FROM PARALYSIS TO FATIGUE

A HISTORY OF PSYCHOSOMATIC ILLNESS IN THE MODERN ERA

Like other cultural phenomena, psychosomatic illnesses are subject to changes in fashion; here, Shorter (The Healthy Century, 1987, etc.) has applied his considerable skill in researching medical history to an examination of these trends from the mid-18th century to the present. Shorter defines psychosomatic illness as ``any illness in which physical symptoms, produced by the action of the unconscious mind, are defined by the individual as evidence of organic disease and for which medical help is sought.'' He identifies doctors' attitudes and beliefs as major cultural factors in determining what symptoms the unconscious mind selects, and examines how doctors' ideas have changed as new theories about disease have evolved. He also looks at the changing doctor-patient relationship over the past two-and-a-half centuries, making clear why ``the vapors'' and hysteric fits of paralysis, once especially common among women, are now quite unacceptable (as are the horrific treatments devised by some doctors to deal with them). Shorter notes that today chronic fatigue syndrome (CFS) is perhaps the most fashionable psychosomatic complaint in a spectrum that includes yeast infections, food allergies, and what has been called the ``twentieth-century disease,'' or ``total allergy syndrome.'' Using CFS as an example, the author traces how a psychosomatic illness becomes fashionable as the mass media, supplanting medical authority, disseminate pseudoscientific information about genuine, difficult-to-diagnose organic diseases to suggestible individuals with quite different symptoms. Whereas the ``stifling intimacy of family life'' in Victorian times increased the propensity for certain psychosomatic illnesses, he explains, today social isolation and exposure to media sensationalism produce others. A fine, example-filled account of how different times and different mores produce different psychosomatic illnesses.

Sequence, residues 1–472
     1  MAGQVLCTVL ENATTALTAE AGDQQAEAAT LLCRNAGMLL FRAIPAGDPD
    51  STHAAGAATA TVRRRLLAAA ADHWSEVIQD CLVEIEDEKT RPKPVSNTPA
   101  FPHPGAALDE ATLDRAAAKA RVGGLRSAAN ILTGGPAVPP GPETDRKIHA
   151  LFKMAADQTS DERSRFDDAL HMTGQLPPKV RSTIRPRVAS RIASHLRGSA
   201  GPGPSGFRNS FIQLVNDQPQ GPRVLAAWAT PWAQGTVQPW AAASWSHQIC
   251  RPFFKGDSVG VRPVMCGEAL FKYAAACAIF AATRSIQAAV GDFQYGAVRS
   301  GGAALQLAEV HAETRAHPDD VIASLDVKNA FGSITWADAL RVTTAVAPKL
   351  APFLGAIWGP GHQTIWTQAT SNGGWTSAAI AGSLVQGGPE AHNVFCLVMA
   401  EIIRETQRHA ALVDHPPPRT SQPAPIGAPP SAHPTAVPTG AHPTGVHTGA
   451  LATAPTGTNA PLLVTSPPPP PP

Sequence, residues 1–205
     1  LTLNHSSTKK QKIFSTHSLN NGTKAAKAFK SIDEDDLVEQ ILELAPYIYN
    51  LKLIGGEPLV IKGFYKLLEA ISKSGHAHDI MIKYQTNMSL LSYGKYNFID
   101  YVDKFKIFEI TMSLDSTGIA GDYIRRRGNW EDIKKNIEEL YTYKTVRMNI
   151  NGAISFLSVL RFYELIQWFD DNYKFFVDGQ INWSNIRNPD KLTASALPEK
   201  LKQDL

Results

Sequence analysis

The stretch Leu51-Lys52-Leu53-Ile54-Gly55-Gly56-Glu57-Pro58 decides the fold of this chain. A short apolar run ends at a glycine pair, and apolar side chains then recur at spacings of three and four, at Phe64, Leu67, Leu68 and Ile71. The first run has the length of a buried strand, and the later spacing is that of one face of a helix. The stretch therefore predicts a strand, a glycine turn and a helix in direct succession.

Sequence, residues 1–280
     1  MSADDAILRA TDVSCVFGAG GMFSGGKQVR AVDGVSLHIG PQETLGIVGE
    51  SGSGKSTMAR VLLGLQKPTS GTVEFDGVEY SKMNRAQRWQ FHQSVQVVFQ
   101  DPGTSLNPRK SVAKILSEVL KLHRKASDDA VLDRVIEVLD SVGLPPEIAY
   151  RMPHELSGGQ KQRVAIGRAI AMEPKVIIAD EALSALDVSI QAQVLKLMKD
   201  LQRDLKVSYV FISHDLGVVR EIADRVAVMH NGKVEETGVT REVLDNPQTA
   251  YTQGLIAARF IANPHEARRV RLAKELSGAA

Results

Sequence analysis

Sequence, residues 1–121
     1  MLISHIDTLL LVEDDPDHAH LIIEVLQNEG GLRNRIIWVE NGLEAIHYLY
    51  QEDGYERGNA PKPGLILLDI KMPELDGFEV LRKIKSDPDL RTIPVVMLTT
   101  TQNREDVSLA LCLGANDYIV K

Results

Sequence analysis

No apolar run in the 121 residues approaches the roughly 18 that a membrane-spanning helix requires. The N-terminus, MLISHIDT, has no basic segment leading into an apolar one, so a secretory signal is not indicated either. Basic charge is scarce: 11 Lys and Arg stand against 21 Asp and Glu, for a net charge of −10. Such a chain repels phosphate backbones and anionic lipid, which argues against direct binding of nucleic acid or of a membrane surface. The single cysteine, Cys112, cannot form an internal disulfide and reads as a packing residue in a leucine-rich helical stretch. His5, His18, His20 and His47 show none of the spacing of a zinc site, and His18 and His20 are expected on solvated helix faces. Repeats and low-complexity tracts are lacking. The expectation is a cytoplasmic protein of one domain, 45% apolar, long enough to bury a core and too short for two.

Pub Date: Dec. 16, 1991

ISBN: 0-02-928665-4

Page Count: 400

Publisher: Free Press

Review Posted Online: May 20, 2010

Kirkus Reviews Issue: Oct. 15, 1991

Did you like this book?

No Comments Yet